Support for South Asian women

images-2If you are from a South Asian background and experiencing difficulties getting pregnant, there’s a group in London just for you. A new Infertility Network UK group is being set up in London for Asian women. It will be a friendly and informal group, which will be open to all. For more information please contact Anita at asianfertilitygroup1@gmail.com

Want to know more about adopting after fertility problems?

If you’re interested in finding out more about adopting after fertility problems and live in or near London, you may want to come along to the next meeting of the Central London fertility group in Vauxhall on February 4th. We’ll be joined by a speaker from First 4 Adoption who will be giving a short talk about adoption and will then be around to answer any questions you may have. We will have time for our regular catch up and chat too.

This is open to everyone and is completely free – if you’d like more details, email katebrian@infertilitynetworkuk.com

The group is run, funded and organised by the charity Infertility Network UK.

Eastbourne support

images-2Infertility Network UK are launching a new support group  at the BMI Esperance in Eastbourne. If you live nearby, why not go along? Support groups are an invaluable way to get together with others and share experiences. Most people find it incredibly helpful and rewarding if they do manage to go along – the groups are informal and chatty and not at all intimidating!

If you’d like to go, you can contact Hannah who will let you know when there’s a date for the first meeting – email  hannahtramaseur@infertilitynetworkuk.co

Looking after your emotional well-being talk

If you’re based in Northern Ireland, you may be interested in a talk about looking after your emotional well-being on Wednesday August 5 at Portadown. The talk will be given by Cherith Edgar and is organised by the local Infertility Network UK support group there. The meeting begins at 7.30 pm and you can find details here 

Support groups and clinic open evenings

I’ve just updated the list of clinic open evenings, support groups and events on Fertility Matters, so if you’re trying to decide where to have treatment or want to find out more about what might be on offer at different clinics, do take a look.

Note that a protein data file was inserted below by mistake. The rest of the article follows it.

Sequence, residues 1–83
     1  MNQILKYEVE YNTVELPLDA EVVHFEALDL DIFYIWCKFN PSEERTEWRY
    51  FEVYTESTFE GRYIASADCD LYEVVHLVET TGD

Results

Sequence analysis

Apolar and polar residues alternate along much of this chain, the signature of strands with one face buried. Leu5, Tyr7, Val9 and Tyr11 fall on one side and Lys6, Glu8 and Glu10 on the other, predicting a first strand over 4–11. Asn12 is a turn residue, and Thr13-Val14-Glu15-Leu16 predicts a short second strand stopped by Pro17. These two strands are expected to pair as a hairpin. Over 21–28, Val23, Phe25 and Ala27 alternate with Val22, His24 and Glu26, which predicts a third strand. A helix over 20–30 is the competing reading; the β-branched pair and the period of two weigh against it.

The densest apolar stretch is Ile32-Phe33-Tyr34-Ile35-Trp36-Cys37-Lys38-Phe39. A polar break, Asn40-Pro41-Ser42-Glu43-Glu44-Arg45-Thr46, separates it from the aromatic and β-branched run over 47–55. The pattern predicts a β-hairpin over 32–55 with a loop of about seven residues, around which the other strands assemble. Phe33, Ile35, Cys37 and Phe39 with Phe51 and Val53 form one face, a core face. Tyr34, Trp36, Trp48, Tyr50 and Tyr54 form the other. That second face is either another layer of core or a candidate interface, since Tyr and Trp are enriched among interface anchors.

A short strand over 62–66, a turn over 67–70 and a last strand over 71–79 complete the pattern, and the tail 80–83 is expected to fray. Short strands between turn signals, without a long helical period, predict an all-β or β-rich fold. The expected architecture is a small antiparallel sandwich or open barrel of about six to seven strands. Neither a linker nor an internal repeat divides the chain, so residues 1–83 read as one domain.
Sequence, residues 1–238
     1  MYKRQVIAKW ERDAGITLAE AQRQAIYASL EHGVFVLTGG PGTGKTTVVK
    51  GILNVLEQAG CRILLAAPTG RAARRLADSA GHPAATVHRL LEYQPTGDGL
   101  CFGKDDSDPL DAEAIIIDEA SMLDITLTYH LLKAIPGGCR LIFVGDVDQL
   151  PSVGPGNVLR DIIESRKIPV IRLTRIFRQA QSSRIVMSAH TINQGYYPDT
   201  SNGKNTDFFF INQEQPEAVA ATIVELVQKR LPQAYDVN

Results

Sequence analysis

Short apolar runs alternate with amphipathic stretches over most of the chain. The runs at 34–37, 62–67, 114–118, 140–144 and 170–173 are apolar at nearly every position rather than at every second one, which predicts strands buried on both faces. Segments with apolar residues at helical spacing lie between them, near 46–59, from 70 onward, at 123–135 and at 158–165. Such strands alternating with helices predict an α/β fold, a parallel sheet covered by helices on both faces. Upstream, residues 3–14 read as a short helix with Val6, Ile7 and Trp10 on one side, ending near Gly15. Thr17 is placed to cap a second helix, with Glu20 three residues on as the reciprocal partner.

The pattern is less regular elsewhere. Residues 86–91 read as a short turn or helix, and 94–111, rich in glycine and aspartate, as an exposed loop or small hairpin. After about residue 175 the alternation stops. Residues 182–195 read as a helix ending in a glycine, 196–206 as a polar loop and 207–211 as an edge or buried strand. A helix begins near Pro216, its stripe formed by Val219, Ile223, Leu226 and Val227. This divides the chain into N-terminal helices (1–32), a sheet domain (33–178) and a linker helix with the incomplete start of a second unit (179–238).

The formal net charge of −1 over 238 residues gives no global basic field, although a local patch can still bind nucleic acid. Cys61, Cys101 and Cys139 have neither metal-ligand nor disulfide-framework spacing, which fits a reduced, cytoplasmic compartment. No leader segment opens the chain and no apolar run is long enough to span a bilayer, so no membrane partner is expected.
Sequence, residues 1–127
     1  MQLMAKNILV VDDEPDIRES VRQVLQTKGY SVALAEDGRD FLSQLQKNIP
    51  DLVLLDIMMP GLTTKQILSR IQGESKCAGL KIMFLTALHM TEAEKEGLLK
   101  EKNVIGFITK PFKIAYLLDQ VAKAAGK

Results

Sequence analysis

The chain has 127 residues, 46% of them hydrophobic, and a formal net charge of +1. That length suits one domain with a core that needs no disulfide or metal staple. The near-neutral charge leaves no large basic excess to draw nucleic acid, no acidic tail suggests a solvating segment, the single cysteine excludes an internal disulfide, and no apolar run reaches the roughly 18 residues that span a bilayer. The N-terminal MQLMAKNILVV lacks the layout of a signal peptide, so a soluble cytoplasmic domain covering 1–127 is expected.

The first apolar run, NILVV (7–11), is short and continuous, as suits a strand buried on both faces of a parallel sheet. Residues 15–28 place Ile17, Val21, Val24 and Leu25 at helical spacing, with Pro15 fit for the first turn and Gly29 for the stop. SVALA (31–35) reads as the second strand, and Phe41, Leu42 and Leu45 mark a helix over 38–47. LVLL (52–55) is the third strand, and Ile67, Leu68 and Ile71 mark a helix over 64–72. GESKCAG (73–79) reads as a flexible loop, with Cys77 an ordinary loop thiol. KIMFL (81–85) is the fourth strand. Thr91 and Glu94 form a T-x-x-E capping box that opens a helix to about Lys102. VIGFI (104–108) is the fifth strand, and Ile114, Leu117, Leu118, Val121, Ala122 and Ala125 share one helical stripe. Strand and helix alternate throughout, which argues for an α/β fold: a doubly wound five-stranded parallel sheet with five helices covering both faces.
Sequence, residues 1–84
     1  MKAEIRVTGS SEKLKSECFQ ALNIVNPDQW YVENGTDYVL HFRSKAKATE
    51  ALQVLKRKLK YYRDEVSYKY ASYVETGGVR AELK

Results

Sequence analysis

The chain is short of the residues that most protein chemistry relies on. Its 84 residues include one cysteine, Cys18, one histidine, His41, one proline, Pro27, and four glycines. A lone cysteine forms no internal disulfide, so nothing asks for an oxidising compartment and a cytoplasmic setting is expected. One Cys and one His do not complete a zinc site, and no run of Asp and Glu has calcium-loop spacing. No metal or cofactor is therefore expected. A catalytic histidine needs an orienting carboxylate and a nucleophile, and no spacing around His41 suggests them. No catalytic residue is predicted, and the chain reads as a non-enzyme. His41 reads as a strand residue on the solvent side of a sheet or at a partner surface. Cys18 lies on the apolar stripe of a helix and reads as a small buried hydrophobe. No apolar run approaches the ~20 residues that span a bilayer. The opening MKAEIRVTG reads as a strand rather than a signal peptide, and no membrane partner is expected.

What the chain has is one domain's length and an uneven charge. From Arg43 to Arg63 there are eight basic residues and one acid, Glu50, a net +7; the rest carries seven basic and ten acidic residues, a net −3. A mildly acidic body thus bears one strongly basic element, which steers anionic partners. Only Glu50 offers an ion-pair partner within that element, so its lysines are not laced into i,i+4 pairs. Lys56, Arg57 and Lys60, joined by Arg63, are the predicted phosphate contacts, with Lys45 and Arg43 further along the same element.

It’s really worth going to open evenings at a few clinics if you have a choice locally, as it not only gives you insights into whether a particular clinic might be right for you but can also be a great source of information about fertility problems and treatments. There will usually be staff on hand who you can talk to and who will be able to answer any questions you have. I think you can get quite a good feel for a clinic at an open evening – and that does help if you’re trying to decide which clinic you want to attend.

I know not everyone likes the idea of a support group. I was talking to Natalie at The Fertlity Podcast about this recently as sometimes there is an idea that support groups might be depressing – and having a fertility problem is depressing enough without making things worse – but actually I think they can be surprisingly uplifting. When you get together with others who are going through similar experiences it can be empowering in a way that talking online will never be. The groups I’ve been to have beeb positive and supportive, and often end up in laughter – which isn’t what you might expect. So I’d say, why not give one a try? It might not be what you expect – you can find the list of groups on the Events page!

Linking up with others and getting support – NIAW day three

I was really pleased to hear that the fertility support group at Complete Fertility in Southampton had a successful launch this week, and am looking forward to hearing about the new group in Fulham starting tonight – and the other new groups starting around National Infertility Awareness WeekDownloadedFile-16 too – there’s the St George’s West London group, the Fertility Circle at London Fertility Centre and the secondary infertility group for those who are already parents too.

Some of the groups I’ve been to in the past have been hugely successful – others have been quieter – and they do seem to go in peaks and troughs.  It made me think about the whole idea of support groups, and whether it’s the name that puts some people off?  Would you be more likely to go along to something that was a talk on a specific fertility-related topic with the opportunity to chat to others at the same time?  Or would a more casual coffee morning type event be more attractive than an actual group?

I think sometimes people imagine support groups being slightly alarming – but in fact they are quite laid back affairs where people have an opportunity to get together with others who are going through similar experiences and to talk about how they’ve been getting on. It’s not the same as talking to friends or family because these are other people who genuinely understand where you’re coming from because they’re in exactly the same place.

I’d be interested in your thoughts though – would you be more willing to go to something that wasn’t called a “support group”?  And if so, what sort of event would interest you?

Fertility support in Woking

wish-groupIf you’re anywhere near Woking tomorrow – Tuesday 24 September – and want to find out more about sources of support during fertility treatment, come along to the Woking WISH group and find out more. I’m going to be there tomorrow evening.  It’s a great support group with a real variety of speakers and is welcome to all – see details here and hope to see you there!